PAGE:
Hunegs: ‘Fighting the Fires of Hate’
Imperial and Weimar Germany were near the apex of scientific and cultural achievement in the first three decades of the 20th century.
From 1901-1932, Germany boasted some 40 Nobel Prize winners including such luminaries as Thomas Mann, Albert Einstein and Adolf Ritter Von Baeyer.
Yet, Hitler’s rise to power in 1933 aided, ultimately, by overwhelming German support sent the country down the road to World War II and perpetrating the Holocaust.
How could German civilization have spawned such evil and what could the nations of the world have done differently in the pre-World War II years?
These questions are a backdrop for a remarkable educational opportunity that has come to Bonanzaville/Cass County Historical Society from the United States Holocaust Memorial Museum. The exhibit is: “Fighting the Fires of Hate: America and the Nazi Book Burnings.” The Jewish Community Relations Council of Minnesota and the Dakotas is proud to support the exhibit with support of friends in Fargo and Grand Forks.
The “Final Solution” for the Jews, the Roma people and the disabled did not begin with extermination but with attacks on intellectual freedom. Indeed, within two months of the Nazis coming to power in April 1933, the puppet Reichstag government had passed laws removing “non-Aryans” (primarily Jews) from the civil service, and the practices of law and medicine.
The expunging of people from professional and civic life of Germany was followed by expunging of ideas.
As chronicled in the exhibit, on May 10, 1933, German university students carried out an “Action Against the Un-German Spirit” targeting authors ranging from Helen Keller and Ernest Hemingway to Albert Einstein and Sigmund Freud. These book burnings occurred in citadels of academic life at German universities hundreds of years old. These were among the first steps the Nazis took to suppress freedom of expression – ultimately confirming the somber clairvoyance of the 19th-century German poet and writer Heinrich Heine: “Where one burns books, one will soon burn people.”
The internal German campaign against its Jewish citizens advanced by stages: marginalization, persecution and then the final descent into the abyss beginning with the Kristallnacht in November 1938.
The assault on the intellect through consigning books and ideas to the flames provoked strong reactions in the United States. The book burnings were widely denounced. In an eerie foretelling – similar to Heine’s prediction – Newsweek called it a “holocaust of books” and Time labeled it a “bibliocaust.” The Upper Midwest and Nobel Prize laureate Sinclair Lewis wrote an open letter condemning the book burning. Street demonstrations were organized in a dozen American cities.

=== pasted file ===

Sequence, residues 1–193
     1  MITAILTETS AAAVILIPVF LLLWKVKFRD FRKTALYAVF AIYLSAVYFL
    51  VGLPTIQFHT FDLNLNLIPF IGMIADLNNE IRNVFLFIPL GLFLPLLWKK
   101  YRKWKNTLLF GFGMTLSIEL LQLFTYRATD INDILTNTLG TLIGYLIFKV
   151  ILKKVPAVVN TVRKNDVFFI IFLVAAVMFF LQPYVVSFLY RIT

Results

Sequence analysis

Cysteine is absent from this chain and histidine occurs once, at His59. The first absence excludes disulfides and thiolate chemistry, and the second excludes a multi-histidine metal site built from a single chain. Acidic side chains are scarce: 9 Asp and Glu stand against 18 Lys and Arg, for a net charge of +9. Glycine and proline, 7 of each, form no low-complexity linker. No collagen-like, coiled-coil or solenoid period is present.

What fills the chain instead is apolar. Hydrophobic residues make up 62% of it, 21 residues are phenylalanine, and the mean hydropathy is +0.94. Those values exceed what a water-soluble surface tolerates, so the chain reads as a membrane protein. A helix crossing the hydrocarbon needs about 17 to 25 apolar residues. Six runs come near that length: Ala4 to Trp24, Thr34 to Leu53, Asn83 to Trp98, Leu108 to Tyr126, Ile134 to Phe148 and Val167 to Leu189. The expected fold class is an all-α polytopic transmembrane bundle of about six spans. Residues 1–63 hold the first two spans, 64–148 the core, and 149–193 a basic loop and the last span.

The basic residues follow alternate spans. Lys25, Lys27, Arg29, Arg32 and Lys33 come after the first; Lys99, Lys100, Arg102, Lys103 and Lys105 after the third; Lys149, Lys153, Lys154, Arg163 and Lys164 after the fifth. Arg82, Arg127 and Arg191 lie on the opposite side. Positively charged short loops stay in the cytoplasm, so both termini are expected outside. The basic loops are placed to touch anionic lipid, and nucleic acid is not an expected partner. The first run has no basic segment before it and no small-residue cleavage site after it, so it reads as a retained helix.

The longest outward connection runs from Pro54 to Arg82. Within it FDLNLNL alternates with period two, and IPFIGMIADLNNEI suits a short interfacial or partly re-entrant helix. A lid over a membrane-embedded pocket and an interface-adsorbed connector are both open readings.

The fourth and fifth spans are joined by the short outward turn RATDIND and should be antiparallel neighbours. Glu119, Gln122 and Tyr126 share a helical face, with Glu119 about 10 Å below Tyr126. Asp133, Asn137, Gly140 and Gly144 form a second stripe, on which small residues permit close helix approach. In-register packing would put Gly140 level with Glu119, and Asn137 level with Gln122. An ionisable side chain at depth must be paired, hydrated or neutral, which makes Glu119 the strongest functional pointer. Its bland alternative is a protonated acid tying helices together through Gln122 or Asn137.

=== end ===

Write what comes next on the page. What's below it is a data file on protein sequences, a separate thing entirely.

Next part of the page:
The angry reaction in the United States, however, did little to stop the Nazis’ consolidation of power. History would repeat this pattern. The Kristallnacht (“Night of Broken Glass”) provoked worldwide outrage against Germany’s November 1938 pogrom against Jews.
This unfolding of history was recognized by North Dakota’s Herman Stern as told by Terry Shoptaugh in his book: “You Have Been Kind Enough to Assist Me: Herman Stern and the Jewish Refugee Crisis.” Honored as a “Roughrider” in March, Stern worked with Sen. Gerald Nye of North Dakota to save scores of Jewish refugees in the face of State Department obstruction.
This raises the question that if there had been hundreds if not thousands of determined Americans like Stern and Nye throughout the country working assiduously and unapologetically supported by the full Congress and executive branch, might there have been different outcomes?
“Fighting the Fires of Hate: America and the Nazi Book Burnings” opened last week and runs through Aug. 17. Bonanzaville and the JCRC thank the following individuals whose financial contributions help make the exhibition’s presence possible in Fargo:
The Hal and Kathleen Gershman Family Foundation, Fredrikson & Byron, P.A., Feder Properties, Straus Clothing, Dorothy Goodman, Linda and Ron Goodman, Judy and Martin Segal, William and Diane Hill, Steve and Susan Plambeck, Myron H. Bright.
This exhibition was underwritten in part by grants from The Bernard Osher Jewish Philanthropies Foundation of the Jewish Community Endowment Fund and The Blanche and Irving Laurie Foundation, with additional support from the Lester Robbins and Sheila Johnson Robbins Traveling and Special Exhibitions Fund established in 1990.
Hunegs is the executive director of the Jewish Community Relations Council of Minnesota and the Dakotas.